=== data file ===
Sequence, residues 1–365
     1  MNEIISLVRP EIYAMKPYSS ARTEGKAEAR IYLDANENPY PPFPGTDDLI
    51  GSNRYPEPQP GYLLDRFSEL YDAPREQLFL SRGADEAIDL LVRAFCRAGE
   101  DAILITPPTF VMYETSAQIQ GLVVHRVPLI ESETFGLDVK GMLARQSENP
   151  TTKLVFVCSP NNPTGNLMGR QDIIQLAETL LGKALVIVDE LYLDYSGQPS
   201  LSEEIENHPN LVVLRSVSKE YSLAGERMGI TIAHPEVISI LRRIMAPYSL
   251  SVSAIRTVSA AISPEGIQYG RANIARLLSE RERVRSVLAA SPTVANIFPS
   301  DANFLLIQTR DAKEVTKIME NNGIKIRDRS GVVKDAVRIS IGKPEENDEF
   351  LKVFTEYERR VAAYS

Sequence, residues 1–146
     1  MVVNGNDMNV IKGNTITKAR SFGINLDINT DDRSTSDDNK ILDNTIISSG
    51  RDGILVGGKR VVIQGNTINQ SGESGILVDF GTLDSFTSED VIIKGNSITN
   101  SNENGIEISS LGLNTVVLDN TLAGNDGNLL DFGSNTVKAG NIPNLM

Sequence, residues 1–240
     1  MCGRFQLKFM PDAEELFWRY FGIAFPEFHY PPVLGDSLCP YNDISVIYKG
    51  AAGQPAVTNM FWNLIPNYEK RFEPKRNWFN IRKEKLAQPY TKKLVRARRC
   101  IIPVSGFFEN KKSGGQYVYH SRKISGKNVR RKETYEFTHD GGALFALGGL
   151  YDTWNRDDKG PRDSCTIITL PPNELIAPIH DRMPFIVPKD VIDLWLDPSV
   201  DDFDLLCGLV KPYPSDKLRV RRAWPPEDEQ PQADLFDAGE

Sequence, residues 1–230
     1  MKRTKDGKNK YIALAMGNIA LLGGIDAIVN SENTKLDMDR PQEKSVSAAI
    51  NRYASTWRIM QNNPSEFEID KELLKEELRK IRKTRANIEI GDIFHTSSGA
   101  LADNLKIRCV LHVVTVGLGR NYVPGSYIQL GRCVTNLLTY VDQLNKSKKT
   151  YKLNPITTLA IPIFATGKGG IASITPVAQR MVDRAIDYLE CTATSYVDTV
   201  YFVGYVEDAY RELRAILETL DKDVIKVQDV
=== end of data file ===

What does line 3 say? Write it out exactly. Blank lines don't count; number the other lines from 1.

    51  GSNRYPEPQP GYLLDRFSEL YDAPREQLFL SRGADEAIDL LVRAFCRAGE